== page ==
|Analyze in detail how an author’s ideas or claims are developed and refined by particular sentences, paragraphs, or larger portions of a text.
|Locate sentences in a familiar text that support an author’s main idea or claim.
|Textual support for claims
Alternate Achievement Standards Versus Alternate Curriculum
Alternate achievement standards simply define the level of content mastery that students with significant cognitive disabilities are expected to demonstrate on the alternate assessment. Students may exceed these performance standards when they are taught in inclusive environments and held to high expectations, so the alternate achievement standards should not be used to limit what a student is taught. Instead, instruction should be individualized as needed to support the student’s ability to learn as much grade-level content as possible.
Did You Know?
There are significant implications and consequences for students who are taught using an alternate curriculum. Instruction that uses a simplified curriculum designed only for students with significant cognitive disabilities is typically provided in a separate setting. This limits students’ access to inclusive environments. Additionally, in many states, students who are taught exclusively through an alternate curriculum are not eligible to earn any kind of high school diploma.
Participation in the alternate assessment based on alternate achievement standards does not justify using an alternate curriculum that is:
- Based on content from a lower grade level
- Restricted to only some content areas (e.g., reading and math but not science)
- Primarily focused on vocational and/or life skills
- Taught using different materials and resources than the general education curriculum
- Taught only by special educators
- The same for all students who take the alternate assessment
In this interview, Jessica Bowman explains the difference between the general education curriculum and an alternate curriculum for students with significant cognitive disabilities.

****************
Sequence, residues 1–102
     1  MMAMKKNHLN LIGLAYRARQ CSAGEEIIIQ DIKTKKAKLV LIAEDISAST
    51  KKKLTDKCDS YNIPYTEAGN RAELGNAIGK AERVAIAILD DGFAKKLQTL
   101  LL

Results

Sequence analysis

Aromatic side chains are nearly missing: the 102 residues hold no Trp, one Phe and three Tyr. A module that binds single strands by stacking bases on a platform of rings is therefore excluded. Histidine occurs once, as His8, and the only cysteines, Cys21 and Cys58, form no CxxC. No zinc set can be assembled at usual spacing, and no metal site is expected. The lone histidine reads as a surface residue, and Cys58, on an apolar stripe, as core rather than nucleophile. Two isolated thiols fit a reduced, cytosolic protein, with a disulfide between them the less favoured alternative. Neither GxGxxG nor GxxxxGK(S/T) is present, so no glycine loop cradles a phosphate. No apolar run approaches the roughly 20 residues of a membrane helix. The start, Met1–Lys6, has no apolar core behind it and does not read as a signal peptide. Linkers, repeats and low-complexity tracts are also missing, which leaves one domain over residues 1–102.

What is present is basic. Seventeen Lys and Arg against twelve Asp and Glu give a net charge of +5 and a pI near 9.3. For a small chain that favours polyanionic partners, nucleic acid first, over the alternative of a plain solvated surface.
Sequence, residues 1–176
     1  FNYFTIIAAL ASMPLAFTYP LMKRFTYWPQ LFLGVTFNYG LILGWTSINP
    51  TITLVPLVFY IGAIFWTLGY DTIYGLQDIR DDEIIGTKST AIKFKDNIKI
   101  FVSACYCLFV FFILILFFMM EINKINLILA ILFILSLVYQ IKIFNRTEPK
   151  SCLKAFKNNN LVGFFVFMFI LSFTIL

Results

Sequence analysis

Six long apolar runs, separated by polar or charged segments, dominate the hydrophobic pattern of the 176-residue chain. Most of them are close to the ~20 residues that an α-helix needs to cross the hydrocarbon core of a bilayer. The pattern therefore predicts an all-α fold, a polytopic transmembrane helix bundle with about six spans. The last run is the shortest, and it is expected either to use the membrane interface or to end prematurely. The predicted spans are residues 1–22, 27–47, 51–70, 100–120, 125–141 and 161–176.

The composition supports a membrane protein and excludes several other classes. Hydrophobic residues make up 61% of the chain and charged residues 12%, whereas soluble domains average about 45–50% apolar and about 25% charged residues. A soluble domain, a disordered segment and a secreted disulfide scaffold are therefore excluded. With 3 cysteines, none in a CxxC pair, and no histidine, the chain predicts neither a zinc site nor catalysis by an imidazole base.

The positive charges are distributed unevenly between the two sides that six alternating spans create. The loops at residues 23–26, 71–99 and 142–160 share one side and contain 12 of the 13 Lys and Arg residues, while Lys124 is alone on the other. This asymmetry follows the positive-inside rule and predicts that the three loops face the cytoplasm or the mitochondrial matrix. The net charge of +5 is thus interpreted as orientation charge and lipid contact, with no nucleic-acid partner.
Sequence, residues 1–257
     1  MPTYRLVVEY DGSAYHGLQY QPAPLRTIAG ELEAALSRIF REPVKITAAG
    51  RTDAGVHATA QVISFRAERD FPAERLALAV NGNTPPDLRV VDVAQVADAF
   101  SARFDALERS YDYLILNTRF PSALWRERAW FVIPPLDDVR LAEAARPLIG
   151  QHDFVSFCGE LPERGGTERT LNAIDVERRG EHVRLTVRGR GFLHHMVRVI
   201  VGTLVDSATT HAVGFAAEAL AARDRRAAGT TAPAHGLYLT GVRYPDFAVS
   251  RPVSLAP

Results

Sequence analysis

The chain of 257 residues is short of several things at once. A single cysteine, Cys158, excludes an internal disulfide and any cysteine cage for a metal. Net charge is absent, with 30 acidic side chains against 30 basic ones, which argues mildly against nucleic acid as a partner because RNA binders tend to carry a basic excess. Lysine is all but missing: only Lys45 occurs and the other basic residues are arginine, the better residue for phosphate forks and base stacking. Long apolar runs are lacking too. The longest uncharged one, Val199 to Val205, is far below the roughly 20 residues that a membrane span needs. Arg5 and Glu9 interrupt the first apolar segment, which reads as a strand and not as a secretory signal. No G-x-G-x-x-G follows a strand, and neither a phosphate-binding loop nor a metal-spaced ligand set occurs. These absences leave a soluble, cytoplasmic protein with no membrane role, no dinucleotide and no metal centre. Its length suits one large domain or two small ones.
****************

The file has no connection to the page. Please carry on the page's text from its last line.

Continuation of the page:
Jessica Bowman, Ph.D.
TIES Center, Co-Principal Investigator
University of Minnesota
For Your Information
The alternate assessment based on alternate achievement standards is reserved for only those students with the most significant cognitive disabilities. Federal regulations limit the number of students who may take the alternate assessment to no more than 1% of all students being assessed, which translates to about 10% of all students with disabilities. The IEP team is responsible for determining if it is appropriate for a student to participate in the alternate assessment using guidelines established by the state. This assessment is typically administered by the special educator.
Returning to the Challenge
Ethan’s assessment data suggests that he is working on content and skills several grade levels below his third-grade peers. However, Ms. O’Connor has learned that this does not mean she should use the curriculum or materials from a lower grade level to teach Ethan different content than her other students. As she begins to prepare her lesson plans, Ms. O’Connor meets with Mr. Diego, Ethan’s special education teacher, to explore the state’s alternate achievement standards and their alignment with the third-grade content standards. During this planning process, they ask themselves:
- What is the most essential content for all learners to know?
- How should the breadth, depth, or complexity of the content be adjusted for Ethan?
- What is an appropriately high expectation for Ethan’s learning?
This information brief discusses what access to and progress in the general education curriculum means for students with significant cognitive disabilities by emphasizing federal laws and providing various scenario examples.
This article provides further clarification between academic content standards and alternate achievement standards and how they contribute to inclusive education. Examples of instruction aligned to both types of standards are also provided.